- Epidermoid cysts occur on face, neck, trunk or anywhere where there is little hair.
- Most epidermoid cysts arise in adult life.
- They are more than twice as common in men as in women.
- They present as one or more flesh–coloured to yellowish, adherent, firm, round nodules of variable size.
- A central pore or punctum may be present.
- Keratinous contents are soft, cheese-like and malodorous.
- Scrotal and labial cysts are frequently multiple and may calcify.
Epidermoid cyst is also called follicular infundibular cyst, epidermal cyst, keratin cyst.
- A cutaneous dermoid cyst may include skin, skin structures and sometimes teeth, cartilage and bone.
- Most dermoid cysts are found on face, neck, scalp; often around eyelid, forehead and brow.
- It is a thin-walled tumour that ranges from soft to hard in consistency.
- The cyst is formed at birth but the patient may not present until an adult.
- A ganglion cyst most often involves scapholunate joint of dorsal wrist.
- These arise in young to middle-aged adults.
- They are 3 times more common in women than in men.
- The cyst is a unilocular of multilocular firm swelling 2–4 cm in diameter that transilluminates.
- Cyst contents are mainly hyaluranic acid, a golden-coloured goo.
- Mucous/myxoid pseudocysts arise in older adults on distal phalanx
- They arise from distal interphalangeal joint, associated with osteoarthritis.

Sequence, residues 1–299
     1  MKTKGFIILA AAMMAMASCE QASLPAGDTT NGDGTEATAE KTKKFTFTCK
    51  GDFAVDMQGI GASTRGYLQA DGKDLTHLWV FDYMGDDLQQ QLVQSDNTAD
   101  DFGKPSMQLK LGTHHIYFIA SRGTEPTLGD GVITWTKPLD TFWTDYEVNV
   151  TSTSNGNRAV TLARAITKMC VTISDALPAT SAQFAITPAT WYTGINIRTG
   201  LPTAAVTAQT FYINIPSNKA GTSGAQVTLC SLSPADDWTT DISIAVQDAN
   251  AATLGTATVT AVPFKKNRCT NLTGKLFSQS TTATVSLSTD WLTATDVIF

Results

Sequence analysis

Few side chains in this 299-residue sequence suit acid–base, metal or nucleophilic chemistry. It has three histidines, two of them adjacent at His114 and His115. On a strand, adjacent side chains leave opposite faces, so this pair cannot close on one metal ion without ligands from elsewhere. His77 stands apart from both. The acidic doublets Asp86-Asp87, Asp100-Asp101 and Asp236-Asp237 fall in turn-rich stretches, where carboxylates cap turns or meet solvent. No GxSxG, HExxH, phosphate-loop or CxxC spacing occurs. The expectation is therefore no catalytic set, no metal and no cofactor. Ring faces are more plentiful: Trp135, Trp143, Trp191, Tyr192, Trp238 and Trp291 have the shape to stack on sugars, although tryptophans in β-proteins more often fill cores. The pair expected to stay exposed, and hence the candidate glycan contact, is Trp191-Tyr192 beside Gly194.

- They often present as a longitudinal depression in the nail due to compression on the proximal matrix.
Labial mucous/myxoid cyst
- A cyst in the lip may be due to occlusion of the salivary duct
- They are also called mucocoele.
- It is a soft to firm firm, 5–15 mm diameter, semi-translucent nodule.
- Hidrocystoma is a translucent jelly-like cyst arising on an eyelid.
- It is also known as cystadenoma, Moll gland cyst, and sudoriferous cyst.
- The common solitary translucent eyelid cyst is an apocrine hidrocystoma.
- Multiple cysts on the lower eyelid are eccrine hidrocystomas.
- Milia are 1–2 mm superficial white dome-shaped papules containing keratin
- Primary milia arise in neonates (50%), adolescents and adults; they are rarely familial and sometimes eruptive.
- Primary milia occur on eyelids, cheeks, nose, mucosa (Epstein pearls) and palate (Bohn nodules) in babies; and eyelids, cheeks and nose of older children and adults.
- Transverse primary milia are sometimes noted across nasal groove or around areola.
- In milia en plaque, multiple milia arise on an erythematous plaque on face, chin or ears.
- Secondary milia arise at the site of epidermal repair after blistering or injury, eg epidermolysis bullosa, bullous pemphigoid, porphyria cutanea tarda, thermal burn, dermabrasion.
- Secondary milia are reported as an adverse effect of topical steroids, 5-fluorouracil cream, vemurafenib and dovitinib.
- 90% of trichilemmal cysts occur on scalp; otherwise face, neck, trunk, and extremities.
- Most trichilemmal cysts arise in middle age.
- In 70% of cases, trichilemmal cysts are multiple.
- They presents as adherent, round or oval, firm nodules.
- There is no punctum.
- The keratinous content is firm, white and easily enucleated.
A trichilemmal cyst is also called pilar cyst.